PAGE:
People on board
Delia, or Bridget, Davoren was born in Ennis, Co Clare, in July 1869, the sixth of eleven children of Michael and Margaret Davoren. In the early 1850s Michael Davoren had gone out to Ballarat in Victoria, Australia, with his mother, brother and sister, lured by the promise of fortunes to be made in the recently discovered goldfields. He returned in 1859 having found a gold nugget, valuable enough for him and his brother to each buy a farm. Michael settled at Claureen, a seventy eight acre farm with a well on-site, on the outskirts of Ennis and, marrying the following year, brought up his large family, four of whom died young.
Delia and her younger sister Nora both trained as nurses and were working in the General Infirmary in Northampton at the time of the 1901 census. By 1911 it appears that permanent hospital positions were difficult to get as Delia was then working as a private nurse in Northamptonshire, but both sisters were back nursing in the General Infirmary in 1918. They were returning to England on RMS Leinster on 10 October after a few weeks’ holidays, but because of missing the train in Ennis they were travelling a day later than intended. Their family was alerted to their personal tragedy when the Matron in Northampton wired them to say that the girls had not arrived.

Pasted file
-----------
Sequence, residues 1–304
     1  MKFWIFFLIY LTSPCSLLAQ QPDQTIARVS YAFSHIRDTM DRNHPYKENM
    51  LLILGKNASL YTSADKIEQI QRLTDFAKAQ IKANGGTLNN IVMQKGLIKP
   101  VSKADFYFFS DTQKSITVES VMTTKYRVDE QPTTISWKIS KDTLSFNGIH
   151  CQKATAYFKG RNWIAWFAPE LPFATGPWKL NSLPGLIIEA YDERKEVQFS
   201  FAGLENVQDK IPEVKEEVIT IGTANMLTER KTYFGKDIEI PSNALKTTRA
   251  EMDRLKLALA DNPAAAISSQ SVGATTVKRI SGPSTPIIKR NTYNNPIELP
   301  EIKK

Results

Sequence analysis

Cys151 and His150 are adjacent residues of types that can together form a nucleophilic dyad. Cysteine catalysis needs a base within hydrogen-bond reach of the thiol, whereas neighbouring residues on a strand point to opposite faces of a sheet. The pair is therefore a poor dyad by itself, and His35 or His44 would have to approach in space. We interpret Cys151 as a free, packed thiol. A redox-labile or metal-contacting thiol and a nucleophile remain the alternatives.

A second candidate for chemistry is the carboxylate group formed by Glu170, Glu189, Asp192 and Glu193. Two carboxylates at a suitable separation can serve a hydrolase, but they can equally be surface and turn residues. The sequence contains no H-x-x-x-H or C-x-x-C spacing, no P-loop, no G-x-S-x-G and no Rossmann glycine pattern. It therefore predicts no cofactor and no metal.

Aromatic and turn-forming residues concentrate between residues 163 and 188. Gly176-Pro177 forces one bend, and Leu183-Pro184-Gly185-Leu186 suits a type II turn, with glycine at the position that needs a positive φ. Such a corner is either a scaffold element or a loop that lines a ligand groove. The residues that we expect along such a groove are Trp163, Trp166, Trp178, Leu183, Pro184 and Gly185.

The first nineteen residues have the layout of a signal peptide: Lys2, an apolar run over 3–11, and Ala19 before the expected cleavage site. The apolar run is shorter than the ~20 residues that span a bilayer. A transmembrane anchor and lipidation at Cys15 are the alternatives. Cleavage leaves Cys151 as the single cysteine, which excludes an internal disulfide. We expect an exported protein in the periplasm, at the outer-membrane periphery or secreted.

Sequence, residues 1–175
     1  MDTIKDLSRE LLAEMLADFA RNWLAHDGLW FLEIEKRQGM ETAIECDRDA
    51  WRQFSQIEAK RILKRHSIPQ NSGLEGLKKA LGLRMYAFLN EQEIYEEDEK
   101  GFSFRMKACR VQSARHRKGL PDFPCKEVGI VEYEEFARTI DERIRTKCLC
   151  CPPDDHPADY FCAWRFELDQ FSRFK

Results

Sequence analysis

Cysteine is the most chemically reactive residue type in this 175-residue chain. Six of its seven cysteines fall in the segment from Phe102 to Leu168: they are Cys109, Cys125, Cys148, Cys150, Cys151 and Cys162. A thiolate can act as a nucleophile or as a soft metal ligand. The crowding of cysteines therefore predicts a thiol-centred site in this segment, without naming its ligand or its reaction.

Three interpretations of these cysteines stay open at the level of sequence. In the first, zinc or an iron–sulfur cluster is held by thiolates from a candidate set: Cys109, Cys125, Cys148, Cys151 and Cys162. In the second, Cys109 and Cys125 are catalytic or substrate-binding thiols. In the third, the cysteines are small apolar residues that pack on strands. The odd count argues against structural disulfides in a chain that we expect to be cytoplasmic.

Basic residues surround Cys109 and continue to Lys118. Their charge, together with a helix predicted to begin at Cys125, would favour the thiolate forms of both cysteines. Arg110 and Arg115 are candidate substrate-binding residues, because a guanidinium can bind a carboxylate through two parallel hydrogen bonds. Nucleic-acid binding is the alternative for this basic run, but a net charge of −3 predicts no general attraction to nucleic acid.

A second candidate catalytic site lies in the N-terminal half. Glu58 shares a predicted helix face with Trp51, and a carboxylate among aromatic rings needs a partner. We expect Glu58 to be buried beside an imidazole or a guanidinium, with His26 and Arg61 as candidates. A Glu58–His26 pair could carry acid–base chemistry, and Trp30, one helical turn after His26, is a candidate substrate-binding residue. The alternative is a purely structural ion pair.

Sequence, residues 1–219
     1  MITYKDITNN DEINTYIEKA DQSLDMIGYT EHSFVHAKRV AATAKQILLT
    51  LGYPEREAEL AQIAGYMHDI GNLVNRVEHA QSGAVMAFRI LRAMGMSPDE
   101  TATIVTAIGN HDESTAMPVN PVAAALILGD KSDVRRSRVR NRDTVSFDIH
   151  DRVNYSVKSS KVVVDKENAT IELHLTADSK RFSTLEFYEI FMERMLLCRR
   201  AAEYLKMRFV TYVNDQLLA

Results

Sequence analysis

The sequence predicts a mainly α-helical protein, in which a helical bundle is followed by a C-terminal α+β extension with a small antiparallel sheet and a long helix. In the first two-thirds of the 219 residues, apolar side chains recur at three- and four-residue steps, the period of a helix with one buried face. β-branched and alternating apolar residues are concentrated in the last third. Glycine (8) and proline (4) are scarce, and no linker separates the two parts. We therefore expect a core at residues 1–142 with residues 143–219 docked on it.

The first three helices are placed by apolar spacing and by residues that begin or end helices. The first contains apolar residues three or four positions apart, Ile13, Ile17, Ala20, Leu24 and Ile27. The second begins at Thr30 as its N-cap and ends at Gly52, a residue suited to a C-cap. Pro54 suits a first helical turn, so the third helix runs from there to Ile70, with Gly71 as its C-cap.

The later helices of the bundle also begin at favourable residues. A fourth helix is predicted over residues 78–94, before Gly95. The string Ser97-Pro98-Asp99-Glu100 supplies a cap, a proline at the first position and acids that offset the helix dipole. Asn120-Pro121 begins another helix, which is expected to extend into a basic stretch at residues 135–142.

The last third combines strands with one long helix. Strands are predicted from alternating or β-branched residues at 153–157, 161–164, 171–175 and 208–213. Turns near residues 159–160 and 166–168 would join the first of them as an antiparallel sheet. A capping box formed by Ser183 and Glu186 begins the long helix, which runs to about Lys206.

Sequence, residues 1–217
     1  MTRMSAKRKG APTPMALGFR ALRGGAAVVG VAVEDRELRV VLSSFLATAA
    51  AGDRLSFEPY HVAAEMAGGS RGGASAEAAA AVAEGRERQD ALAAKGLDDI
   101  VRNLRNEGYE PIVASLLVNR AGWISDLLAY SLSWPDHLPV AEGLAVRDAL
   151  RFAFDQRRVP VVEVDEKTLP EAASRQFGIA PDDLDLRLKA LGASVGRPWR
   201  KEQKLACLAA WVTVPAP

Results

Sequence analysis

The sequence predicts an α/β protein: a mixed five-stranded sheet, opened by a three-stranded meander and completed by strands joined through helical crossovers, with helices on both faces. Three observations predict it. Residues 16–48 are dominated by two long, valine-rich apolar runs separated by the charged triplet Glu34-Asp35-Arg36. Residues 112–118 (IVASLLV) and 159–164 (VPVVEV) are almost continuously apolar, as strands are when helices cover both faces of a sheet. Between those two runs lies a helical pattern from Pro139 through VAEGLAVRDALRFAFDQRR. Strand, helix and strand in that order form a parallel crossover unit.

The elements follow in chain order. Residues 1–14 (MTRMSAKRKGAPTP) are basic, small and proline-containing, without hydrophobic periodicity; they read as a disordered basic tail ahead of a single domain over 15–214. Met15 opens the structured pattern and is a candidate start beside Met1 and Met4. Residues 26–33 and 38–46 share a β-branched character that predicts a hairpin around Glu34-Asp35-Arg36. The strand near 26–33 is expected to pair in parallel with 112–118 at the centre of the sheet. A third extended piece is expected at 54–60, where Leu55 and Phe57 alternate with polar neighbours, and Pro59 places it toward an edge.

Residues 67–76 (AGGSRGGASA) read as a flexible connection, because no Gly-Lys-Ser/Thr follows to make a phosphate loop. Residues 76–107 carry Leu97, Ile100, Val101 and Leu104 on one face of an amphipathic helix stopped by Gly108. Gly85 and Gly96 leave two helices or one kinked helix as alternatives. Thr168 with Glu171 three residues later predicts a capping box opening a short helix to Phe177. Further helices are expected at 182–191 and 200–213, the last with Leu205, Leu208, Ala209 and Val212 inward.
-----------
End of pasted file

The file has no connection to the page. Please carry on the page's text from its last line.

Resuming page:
Neither Delia nor Nora survived the sinking, but their bodies were recovered and identified by their brothers. As the undertakers in Dublin and Kingstown were on strike the brothers had to go to Bray to get coffins, but they managed to organise their removal by train to Ennis on the Saturday evening. The Clare Champion reported on the huge crowd that escorted the bodies from the station to the Cathedral, where they lay overnight, followed on the Sunday by Solemn Requiem High Mass. The funeral procession to the family plot in Drumcliffe graveyard was described as “one of the most remarkable demonstrations witnessed in Ennis.”
Both Davoren sisters are commemorated on the World War 1 Memorial in the Peace Park, Ennis